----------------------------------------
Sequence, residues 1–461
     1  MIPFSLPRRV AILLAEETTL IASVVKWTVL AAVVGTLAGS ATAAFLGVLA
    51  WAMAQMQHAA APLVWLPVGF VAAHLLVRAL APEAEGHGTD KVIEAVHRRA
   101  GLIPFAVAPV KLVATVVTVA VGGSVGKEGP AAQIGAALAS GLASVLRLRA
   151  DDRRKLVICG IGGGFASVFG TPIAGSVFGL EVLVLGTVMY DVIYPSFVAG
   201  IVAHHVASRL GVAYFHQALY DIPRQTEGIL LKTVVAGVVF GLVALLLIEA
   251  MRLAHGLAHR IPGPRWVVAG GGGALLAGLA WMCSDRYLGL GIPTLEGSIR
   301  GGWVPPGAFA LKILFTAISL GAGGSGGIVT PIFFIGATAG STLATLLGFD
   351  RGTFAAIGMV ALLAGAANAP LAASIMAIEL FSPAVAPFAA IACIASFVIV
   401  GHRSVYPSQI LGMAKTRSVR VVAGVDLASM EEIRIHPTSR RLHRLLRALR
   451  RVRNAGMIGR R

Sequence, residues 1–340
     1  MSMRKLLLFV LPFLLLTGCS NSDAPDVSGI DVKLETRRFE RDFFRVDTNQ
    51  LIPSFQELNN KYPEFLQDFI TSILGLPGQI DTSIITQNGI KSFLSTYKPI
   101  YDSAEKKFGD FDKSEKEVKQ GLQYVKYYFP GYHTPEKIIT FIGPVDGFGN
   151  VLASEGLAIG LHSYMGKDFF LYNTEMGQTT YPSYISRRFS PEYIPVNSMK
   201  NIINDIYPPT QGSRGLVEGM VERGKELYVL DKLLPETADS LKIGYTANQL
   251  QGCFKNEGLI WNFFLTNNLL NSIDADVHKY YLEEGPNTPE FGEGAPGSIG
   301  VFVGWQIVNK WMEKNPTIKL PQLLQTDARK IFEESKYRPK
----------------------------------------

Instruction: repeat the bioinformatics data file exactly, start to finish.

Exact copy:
Sequence, residues 1–461
     1  MIPFSLPRRV AILLAEETTL IASVVKWTVL AAVVGTLAGS ATAAFLGVLA
    51  WAMAQMQHAA APLVWLPVGF VAAHLLVRAL APEAEGHGTD KVIEAVHRRA
   101  GLIPFAVAPV KLVATVVTVA VGGSVGKEGP AAQIGAALAS GLASVLRLRA
   151  DDRRKLVICG IGGGFASVFG TPIAGSVFGL EVLVLGTVMY DVIYPSFVAG
   201  IVAHHVASRL GVAYFHQALY DIPRQTEGIL LKTVVAGVVF GLVALLLIEA
   251  MRLAHGLAHR IPGPRWVVAG GGGALLAGLA WMCSDRYLGL GIPTLEGSIR
   301  GGWVPPGAFA LKILFTAISL GAGGSGGIVT PIFFIGATAG STLATLLGFD
   351  RGTFAAIGMV ALLAGAANAP LAASIMAIEL FSPAVAPFAA IACIASFVIV
   401  GHRSVYPSQI LGMAKTRSVR VVAGVDLASM EEIRIHPTSR RLHRLLRALR
   451  RVRNAGMIGR R

Sequence, residues 1–340
     1  MSMRKLLLFV LPFLLLTGCS NSDAPDVSGI DVKLETRRFE RDFFRVDTNQ
    51  LIPSFQELNN KYPEFLQDFI TSILGLPGQI DTSIITQNGI KSFLSTYKPI
   101  YDSAEKKFGD FDKSEKEVKQ GLQYVKYYFP GYHTPEKIIT FIGPVDGFGN
   151  VLASEGLAIG LHSYMGKDFF LYNTEMGQTT YPSYISRRFS PEYIPVNSMK
   201  NIINDIYPPT QGSRGLVEGM VERGKELYVL DKLLPETADS LKIGYTANQL
   251  QGCFKNEGLI WNFFLTNNLL NSIDADVHKY YLEEGPNTPE FGEGAPGSIG
   301  VFVGWQIVNK WMEKNPTIKL PQLLQTDARK IFEESKYRPK